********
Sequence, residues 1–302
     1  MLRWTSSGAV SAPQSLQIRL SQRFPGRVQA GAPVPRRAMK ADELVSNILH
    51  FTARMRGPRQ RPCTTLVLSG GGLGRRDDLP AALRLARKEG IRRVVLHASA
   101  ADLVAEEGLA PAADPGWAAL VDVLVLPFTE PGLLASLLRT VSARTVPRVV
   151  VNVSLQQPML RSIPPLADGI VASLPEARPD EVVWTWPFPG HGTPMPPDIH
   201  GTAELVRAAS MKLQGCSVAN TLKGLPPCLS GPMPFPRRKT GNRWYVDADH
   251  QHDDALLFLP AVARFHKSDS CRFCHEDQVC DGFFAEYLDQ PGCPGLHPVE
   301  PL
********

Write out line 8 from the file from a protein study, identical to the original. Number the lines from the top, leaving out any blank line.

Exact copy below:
   301  PL